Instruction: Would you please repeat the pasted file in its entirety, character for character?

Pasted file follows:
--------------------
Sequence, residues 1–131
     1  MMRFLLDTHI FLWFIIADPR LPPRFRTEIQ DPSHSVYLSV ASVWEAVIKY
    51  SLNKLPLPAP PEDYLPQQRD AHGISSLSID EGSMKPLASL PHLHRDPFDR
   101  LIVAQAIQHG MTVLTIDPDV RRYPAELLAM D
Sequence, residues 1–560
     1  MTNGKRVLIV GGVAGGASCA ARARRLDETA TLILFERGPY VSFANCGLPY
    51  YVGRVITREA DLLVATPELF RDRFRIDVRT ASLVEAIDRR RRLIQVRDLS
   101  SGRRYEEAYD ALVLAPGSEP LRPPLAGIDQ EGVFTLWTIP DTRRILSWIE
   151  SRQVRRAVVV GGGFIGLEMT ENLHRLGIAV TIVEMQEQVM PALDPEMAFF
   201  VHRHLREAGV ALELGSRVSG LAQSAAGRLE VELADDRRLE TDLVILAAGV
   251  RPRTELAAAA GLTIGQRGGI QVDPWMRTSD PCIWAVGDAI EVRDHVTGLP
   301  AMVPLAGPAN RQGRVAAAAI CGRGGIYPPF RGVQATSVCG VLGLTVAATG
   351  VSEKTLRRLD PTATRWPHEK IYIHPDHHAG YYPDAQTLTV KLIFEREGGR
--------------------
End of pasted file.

Sequence, residues 1–131
     1  MMRFLLDTHI FLWFIIADPR LPPRFRTEIQ DPSHSVYLSV ASVWEAVIKY
    51  SLNKLPLPAP PEDYLPQQRD AHGISSLSID EGSMKPLASL PHLHRDPFDR
   101  LIVAQAIQHG MTVLTIDPDV RRYPAELLAM D
Sequence, residues 1–560
     1  MTNGKRVLIV GGVAGGASCA ARARRLDETA TLILFERGPY VSFANCGLPY
    51  YVGRVITREA DLLVATPELF RDRFRIDVRT ASLVEAIDRR RRLIQVRDLS
   101  SGRRYEEAYD ALVLAPGSEP LRPPLAGIDQ EGVFTLWTIP DTRRILSWIE
   151  SRQVRRAVVV GGGFIGLEMT ENLHRLGIAV TIVEMQEQVM PALDPEMAFF
   201  VHRHLREAGV ALELGSRVSG LAQSAAGRLE VELADDRRLE TDLVILAAGV
   251  RPRTELAAAA GLTIGQRGGI QVDPWMRTSD PCIWAVGDAI EVRDHVTGLP
   301  AMVPLAGPAN RQGRVAAAAI CGRGGIYPPF RGVQATSVCG VLGLTVAATG
   351  VSEKTLRRLD PTATRWPHEK IYIHPDHHAG YYPDAQTLTV KLIFEREGGR